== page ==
Friday, April 29, 2011

Noodling About - #2

 Nood-ling (nōōd’lĭng) n. 1. Fishing for catfish using only bare hands, practiced primarily by crazy people who cannot afford proper fishing gear. 2. The intentional annoyance by bloggers who are skeptical of the news as it’s reported, as in “Noodling bureaucrats is more fun than fishing bare hand for catfish and a lot more surprising.” This is now an end of the month feature.

Pulte, Meritage and Ryland Report Lower Revenue
The current housing market is dominated by the single belief, “Wait until tomorrow, the price will be cheaper.” This is the same in both the resale and new home markets. Sure there are pockets of resistance, but, overall, the market is waiting, sitting on the sidelines, taking a timeout. If you are a public builder of detached single family homes the outlook for the rest of the year is dire. The WSJ reported today that margins are getting weaker, the buyer is afraid to buy a new house simply because they believe it will be worth less a month after they own it. The three builders lost over $65 million over the quarter, this cannot go on forever.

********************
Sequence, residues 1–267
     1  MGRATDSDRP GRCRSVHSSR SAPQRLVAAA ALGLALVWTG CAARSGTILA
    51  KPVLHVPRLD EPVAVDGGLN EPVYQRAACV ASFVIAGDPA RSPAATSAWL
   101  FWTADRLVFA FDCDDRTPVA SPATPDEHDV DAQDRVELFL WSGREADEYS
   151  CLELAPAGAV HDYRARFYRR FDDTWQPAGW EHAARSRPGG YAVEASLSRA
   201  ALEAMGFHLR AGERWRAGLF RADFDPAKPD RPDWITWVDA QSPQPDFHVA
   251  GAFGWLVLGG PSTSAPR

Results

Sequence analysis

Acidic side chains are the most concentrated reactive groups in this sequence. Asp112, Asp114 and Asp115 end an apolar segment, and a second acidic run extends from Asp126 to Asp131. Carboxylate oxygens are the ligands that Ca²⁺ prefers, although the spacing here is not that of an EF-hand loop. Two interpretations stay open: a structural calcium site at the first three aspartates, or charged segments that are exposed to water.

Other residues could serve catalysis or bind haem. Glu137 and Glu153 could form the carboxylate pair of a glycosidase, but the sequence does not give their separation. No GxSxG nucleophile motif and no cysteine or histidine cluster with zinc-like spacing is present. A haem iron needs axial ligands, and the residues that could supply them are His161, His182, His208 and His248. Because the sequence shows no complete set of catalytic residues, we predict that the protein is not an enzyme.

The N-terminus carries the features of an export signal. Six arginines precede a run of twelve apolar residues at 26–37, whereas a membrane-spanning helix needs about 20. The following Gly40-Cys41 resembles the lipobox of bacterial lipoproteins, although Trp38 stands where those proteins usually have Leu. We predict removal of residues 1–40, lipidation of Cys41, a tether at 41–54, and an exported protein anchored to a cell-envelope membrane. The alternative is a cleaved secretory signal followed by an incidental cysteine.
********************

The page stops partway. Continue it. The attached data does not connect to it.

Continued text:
New versus Old, The Gap Widens
Normally the sales ratio of existing homes to new homes has been seven to one, Builder Magazine now reports the ratio at almost 20:1, a threefold change. Older homes are always more affordable. New homes can’t compete and in a seriously depressed market, don’t even try. Four out of ten sales are now foreclosures and distressed sales.

You Can’t Sell Energy Savings
Even with all the pushing and prodding by the gov’ment with incentives, tax writeoffs, and financing help, the buyer is just not seeing or buying the increased value energy saving construction provides. Even after Meritage (no, this is not a Meritage blog today) substantially improved the energy efficiency in its designs and construction thereby saving buyers a couple of thousand dollars a year, the banks and appraisers failed to mark up the value of the homes for these improvements. Meritage thinks this is an improved value, the buyer just expects it to be there, and so do the lenders. The market would not pay the full cost of solar either, they believe that, like standard heating and cooling and insulation, it should be an inherent part of the house.

Home Prices Lowest Since The Great Recession Began
News Flash: Home prices continue to drop. This drop is expected to continue through the rest of the year, and, to be honest, what could change the direction? Buyers who have been holding their homes or properties, hoping for a change, have thrown up their arms and put the property on the market, hoping for even a nibble, something to start a negotiation, anything. Foreclosures continue, and, I will bet, the banks will take on the same attitude and begin to unload more dead elephants. The seller’s market is wrong side to be on. Ah, but if you are a buyer, especially a young buyer, the opportunities are tremendous, ‘cept you can’t get a loan. But then again that’s what the Bank of Mom&Dad is for, and the rates are better.